In just over one week, you can make yourself fatter, lazier and -- yes -- stupider. All you have to do is frequent the drive-thru at your favorite fast-food joints.
At least, that seems to be the case with rats, according to new University of Cambridge research published by the The Federation of American Societies for Experimental Biology. Scientists fed rats a high-fat diet and in four days the suffered from a decreased ability to exercise, and in nine days they experienced "significant" short-term memory loss. By the fourth day of a high-fat binge, the accumulation of a protein in their cells' energy-producing mitochondria sapped the rats' ability to use oxygen, causing their hearts to both work harder and grow bigger. By day nine, they were having trouble completing a maze and made more mistakes than their counterparts fed a low-fat diet.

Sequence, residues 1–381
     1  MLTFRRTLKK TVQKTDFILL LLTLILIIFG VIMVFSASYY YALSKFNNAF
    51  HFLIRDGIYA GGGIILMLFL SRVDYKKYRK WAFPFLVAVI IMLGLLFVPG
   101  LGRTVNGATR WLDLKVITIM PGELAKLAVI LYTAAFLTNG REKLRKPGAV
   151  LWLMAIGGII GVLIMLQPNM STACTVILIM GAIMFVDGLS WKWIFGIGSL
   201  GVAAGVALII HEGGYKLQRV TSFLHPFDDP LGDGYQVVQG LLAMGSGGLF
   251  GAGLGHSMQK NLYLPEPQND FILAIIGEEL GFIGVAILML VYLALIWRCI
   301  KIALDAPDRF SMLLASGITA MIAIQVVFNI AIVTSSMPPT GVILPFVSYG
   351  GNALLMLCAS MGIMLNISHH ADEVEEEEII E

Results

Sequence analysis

Gerald Weissmann, the editor of the FASEB Journal that published the study called the phenomenon a "high-fat hangover."
"Western diets are typically high in fat and are associated with long-term complications, such as obesity, diabetes and heart failure, yet the short-term consequences of such diets have been given relatively little attention," said Andrew Murray, co-author of the study and currently at the University of Cambridge. "We hope that the findings of our study will help people to think seriously about reducing the fat content of their daily food intake to the immediate benefit of their general health, well-being and alertness."
The experimental rat diets delivered 55% of calories from fat. For comparison, a Nacho Cheese Dorito or a Burger King Whopper will deliver roughly 50% of its calories from fat. (McDonald's fries are a relative caloric bargain, at about 43% calories from fat.)
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